Resistant Starch Is Actively Fermented by Infant Faecal Microbiota and Increases Microbial Diversity

Geetha Gopalsamy, Elissa Mortimer, Paul Greenfield, Anthony R Bird, Graeme P Young, Claus T Christophersen

Research output: Contribution to journalArticlepeer-review

21 Citations (Scopus)


In adults, fermentation of high amylose maize starch (HAMS), a resistant starch (RS), has a prebiotic effect. Were such a capacity to exist in infants, intake of RS might programme the gut microbiota during a critical developmental period. This study aimed to determine if infant faecal inocula possess the capacity to ferment HAMS or acetylated-HAMS (HAMSA) and characterise associated changes to microbial composition. Faecal samples were collected from 17 healthy infants at two timepoints: Preweaning and within 10 weeks of first solids. Fermentation was assessed using in vitro batch fermentation. Following 24 h incubation, pH, short-chain fatty acid (SCFA) production and microbial composition were compared to parallel control incubations. In preweaning infants, there was a significant decrease at 24 h in pH between control and HAMS incubations and a significant increase in the production of total SCFAs, indicating fermentation. Fermentation of HAMS increased further following commencement of solids. Fermentation of RS with weaning faecal inocula increased Shannon's diversity index (H) and was associated with increased abundance of Bifidobacterium and Bacteroides. In conclusion, the faecal inocula from infants is capable of RS fermentation, independent of stage of weaning, but introduction of solids increases this fermentation capacity. RS may thus function as a novel infant prebiotic.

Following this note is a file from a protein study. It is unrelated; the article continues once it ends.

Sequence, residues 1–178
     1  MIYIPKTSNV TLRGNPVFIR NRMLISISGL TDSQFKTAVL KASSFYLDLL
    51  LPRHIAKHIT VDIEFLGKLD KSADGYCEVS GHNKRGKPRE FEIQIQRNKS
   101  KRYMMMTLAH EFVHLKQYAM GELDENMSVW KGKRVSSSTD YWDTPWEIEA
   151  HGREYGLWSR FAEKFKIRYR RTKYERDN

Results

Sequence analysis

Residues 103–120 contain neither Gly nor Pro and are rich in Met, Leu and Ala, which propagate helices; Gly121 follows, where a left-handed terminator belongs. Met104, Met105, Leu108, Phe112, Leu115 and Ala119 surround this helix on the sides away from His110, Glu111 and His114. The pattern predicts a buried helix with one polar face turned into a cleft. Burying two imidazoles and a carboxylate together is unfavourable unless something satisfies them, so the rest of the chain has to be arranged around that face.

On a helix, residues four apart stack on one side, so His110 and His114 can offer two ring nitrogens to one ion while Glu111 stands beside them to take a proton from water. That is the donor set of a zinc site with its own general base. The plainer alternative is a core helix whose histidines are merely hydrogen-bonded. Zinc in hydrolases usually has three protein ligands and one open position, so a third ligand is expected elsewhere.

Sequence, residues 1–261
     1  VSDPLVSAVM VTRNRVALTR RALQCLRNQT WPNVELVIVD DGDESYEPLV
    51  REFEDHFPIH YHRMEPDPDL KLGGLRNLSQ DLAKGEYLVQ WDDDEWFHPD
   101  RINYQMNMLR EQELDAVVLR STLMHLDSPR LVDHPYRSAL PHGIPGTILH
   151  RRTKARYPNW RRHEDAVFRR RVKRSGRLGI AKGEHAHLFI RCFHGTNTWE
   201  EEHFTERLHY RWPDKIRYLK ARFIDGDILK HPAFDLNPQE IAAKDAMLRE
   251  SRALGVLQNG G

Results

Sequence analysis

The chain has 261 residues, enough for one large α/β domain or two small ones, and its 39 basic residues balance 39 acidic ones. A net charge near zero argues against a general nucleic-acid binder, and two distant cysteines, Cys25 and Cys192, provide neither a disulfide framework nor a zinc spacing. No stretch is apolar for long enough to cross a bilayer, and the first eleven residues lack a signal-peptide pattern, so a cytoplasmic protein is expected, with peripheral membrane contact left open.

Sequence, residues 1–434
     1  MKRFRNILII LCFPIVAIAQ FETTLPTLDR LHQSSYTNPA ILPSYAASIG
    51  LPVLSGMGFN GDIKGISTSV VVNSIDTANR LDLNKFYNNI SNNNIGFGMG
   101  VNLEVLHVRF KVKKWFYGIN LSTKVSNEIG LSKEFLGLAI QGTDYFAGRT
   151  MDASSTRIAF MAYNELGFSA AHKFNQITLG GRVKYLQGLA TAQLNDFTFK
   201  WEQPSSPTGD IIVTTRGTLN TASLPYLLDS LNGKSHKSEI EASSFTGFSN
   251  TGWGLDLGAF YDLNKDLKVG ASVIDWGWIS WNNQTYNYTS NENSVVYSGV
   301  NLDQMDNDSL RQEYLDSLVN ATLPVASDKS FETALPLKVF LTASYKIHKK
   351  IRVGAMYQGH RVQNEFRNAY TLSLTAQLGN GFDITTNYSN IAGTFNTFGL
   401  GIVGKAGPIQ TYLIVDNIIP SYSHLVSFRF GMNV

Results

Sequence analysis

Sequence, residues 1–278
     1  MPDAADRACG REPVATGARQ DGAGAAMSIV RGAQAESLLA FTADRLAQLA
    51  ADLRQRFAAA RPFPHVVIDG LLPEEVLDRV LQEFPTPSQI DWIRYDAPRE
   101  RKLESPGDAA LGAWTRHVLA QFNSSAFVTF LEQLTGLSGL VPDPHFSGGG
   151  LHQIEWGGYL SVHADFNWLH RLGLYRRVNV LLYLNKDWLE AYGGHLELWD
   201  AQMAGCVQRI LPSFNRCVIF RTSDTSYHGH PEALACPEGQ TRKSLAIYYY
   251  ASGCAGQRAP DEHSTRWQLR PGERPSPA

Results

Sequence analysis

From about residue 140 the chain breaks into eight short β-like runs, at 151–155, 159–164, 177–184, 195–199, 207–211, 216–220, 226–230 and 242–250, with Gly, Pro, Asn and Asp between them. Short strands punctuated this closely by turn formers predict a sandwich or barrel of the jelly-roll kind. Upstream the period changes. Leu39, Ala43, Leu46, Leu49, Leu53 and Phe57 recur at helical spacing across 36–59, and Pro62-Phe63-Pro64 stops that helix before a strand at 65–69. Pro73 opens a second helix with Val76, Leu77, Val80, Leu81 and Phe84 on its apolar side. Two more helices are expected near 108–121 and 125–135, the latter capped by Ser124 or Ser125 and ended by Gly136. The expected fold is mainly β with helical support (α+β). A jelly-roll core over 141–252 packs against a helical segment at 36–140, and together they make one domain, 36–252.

Original languageEnglish
Article number1345
Number of pages16
Issue number6
Publication statusPublished - Jun 2019


  • Dietary Fibre
  • Gut Health
  • PH
  • Prebiotic
  • Short-Chain Fatty Acid (Scfa)


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